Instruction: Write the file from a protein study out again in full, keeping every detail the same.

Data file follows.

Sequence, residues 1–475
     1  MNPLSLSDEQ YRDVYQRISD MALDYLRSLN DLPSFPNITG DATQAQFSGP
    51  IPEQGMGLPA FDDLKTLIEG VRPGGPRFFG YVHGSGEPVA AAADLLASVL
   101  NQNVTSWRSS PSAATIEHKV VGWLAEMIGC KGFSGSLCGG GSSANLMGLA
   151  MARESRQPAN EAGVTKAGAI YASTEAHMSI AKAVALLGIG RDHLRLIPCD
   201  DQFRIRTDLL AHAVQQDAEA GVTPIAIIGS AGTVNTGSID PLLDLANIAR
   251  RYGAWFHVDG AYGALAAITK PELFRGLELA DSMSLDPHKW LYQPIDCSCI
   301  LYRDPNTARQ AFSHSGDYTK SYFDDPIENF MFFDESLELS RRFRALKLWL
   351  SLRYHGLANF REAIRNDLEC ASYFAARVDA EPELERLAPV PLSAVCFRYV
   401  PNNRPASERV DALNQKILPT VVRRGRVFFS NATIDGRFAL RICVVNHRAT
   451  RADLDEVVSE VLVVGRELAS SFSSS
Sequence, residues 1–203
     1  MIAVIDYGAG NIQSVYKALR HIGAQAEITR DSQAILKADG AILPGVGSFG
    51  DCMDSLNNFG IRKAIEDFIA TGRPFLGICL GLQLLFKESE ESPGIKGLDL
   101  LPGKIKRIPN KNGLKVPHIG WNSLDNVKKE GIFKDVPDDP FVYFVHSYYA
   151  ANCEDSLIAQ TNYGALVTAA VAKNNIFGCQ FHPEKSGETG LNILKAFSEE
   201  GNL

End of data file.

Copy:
Sequence, residues 1–475
     1  MNPLSLSDEQ YRDVYQRISD MALDYLRSLN DLPSFPNITG DATQAQFSGP
    51  IPEQGMGLPA FDDLKTLIEG VRPGGPRFFG YVHGSGEPVA AAADLLASVL
   101  NQNVTSWRSS PSAATIEHKV VGWLAEMIGC KGFSGSLCGG GSSANLMGLA
   151  MARESRQPAN EAGVTKAGAI YASTEAHMSI AKAVALLGIG RDHLRLIPCD
   201  DQFRIRTDLL AHAVQQDAEA GVTPIAIIGS AGTVNTGSID PLLDLANIAR
   251  RYGAWFHVDG AYGALAAITK PELFRGLELA DSMSLDPHKW LYQPIDCSCI
   301  LYRDPNTARQ AFSHSGDYTK SYFDDPIENF MFFDESLELS RRFRALKLWL
   351  SLRYHGLANF REAIRNDLEC ASYFAARVDA EPELERLAPV PLSAVCFRYV
   401  PNNRPASERV DALNQKILPT VVRRGRVFFS NATIDGRFAL RICVVNHRAT
   451  RADLDEVVSE VLVVGRELAS SFSSS
Sequence, residues 1–203
     1  MIAVIDYGAG NIQSVYKALR HIGAQAEITR DSQAILKADG AILPGVGSFG
    51  DCMDSLNNFG IRKAIEDFIA TGRPFLGICL GLQLLFKESE ESPGIKGLDL
   101  LPGKIKRIPN KNGLKVPHIG WNSLDNVKKE GIFKDVPDDP FVYFVHSYYA
   151  ANCEDSLIAQ TNYGALVTAA VAKNNIFGCQ FHPEKSGETG LNILKAFSEE
   201  GNL